Spokesman for Egypt's liberal Free Egyptians Party Ahmed Khairy on Thursday called the likely runoff vote between Muslim Brotherhood presidential candidate Mohamed Morsi and Mubarak-era minister Ahmed Shafiq "the worst-case scenario."
Khairy described Morsi as an "Islamic fascist" and Shafiq as a "military fascist."
He went on to say that voting results – which have been marked by considerable diversity – showed that the Egyptian people were not dominated by a single ideology or a political current.
As for which candidate the party would throw its weight behind in the runoff vote, Khairy said this had not been decided yet.
"It will be very hard to endorse either of the candidates that made it to the runoff," he said. "The Free Egyptians Party, therefore, will either boycott the vote or leave the decision up to individual members, as had been the case in the first round of voting."
Khairy went on to say that first-round results had four major implications:
1- Most Egyptians do not support the notion of a religious state and the application of Islamic Law.
2- Egypt's two leading Islamist parties – the Muslim Brotherhood and the Salafist Nour Party – both garnered fewer votes than they did in last year's parliamentary polls.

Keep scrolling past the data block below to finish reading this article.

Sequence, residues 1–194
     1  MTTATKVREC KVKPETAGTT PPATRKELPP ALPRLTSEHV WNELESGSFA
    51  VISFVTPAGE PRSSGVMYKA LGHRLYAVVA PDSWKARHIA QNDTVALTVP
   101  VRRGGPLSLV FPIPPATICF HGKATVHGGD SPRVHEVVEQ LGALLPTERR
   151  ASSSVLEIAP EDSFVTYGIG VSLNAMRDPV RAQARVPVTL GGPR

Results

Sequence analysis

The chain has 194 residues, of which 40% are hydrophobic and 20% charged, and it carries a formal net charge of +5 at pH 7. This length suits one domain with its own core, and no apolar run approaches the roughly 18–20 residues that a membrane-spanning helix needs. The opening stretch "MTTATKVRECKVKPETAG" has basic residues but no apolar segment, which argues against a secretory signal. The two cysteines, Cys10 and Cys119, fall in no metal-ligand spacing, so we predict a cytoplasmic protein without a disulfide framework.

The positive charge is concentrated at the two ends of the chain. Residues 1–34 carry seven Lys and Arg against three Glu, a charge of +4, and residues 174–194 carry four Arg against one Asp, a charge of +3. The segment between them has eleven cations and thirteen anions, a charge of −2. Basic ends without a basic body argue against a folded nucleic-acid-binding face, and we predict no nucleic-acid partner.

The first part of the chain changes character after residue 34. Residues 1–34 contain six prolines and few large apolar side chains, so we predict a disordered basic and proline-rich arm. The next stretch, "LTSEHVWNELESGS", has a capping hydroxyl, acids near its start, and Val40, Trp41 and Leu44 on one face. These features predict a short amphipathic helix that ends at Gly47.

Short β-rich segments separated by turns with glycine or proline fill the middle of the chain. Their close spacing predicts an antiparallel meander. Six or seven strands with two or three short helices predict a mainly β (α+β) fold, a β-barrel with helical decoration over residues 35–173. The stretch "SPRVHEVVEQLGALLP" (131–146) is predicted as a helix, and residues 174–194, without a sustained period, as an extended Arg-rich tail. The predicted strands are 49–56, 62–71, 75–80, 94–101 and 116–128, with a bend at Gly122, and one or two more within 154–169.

3- Much of the public is sympathetic to the revolution, since some 40 per cent of the vote went to pro-revolution candidates Hamdeen Sabbahi and Abdel-Moneim Abul-Fotouh.
4- Votes for Shafiq were not necessarily votes against the revolution. In many cases, people voted for Shafiq simply to punish the Muslim Brotherhood.
Final results collected by Ahram Online from 25 governorates throughout Egypt as of 4:30pm showed Morsi still in the lead, closely followed by Shafiq, while Sabbahi – who proved the dark horse of the race – fell back to third. Cairo and Giza results, meanwhile, which could be decisive, have yet to be tabulated.
1. Morsi 4,406,782 (26.48 per cent)
2. Shafiq 4,115,840 (24.74 per cent)
3. Sabbahi 3,329,519 (20.01 per cent)
4. Abul-Fotouh 2,959,937 (17.79 per cent)
5. Moussa 1,778,244 (10.69 per cent)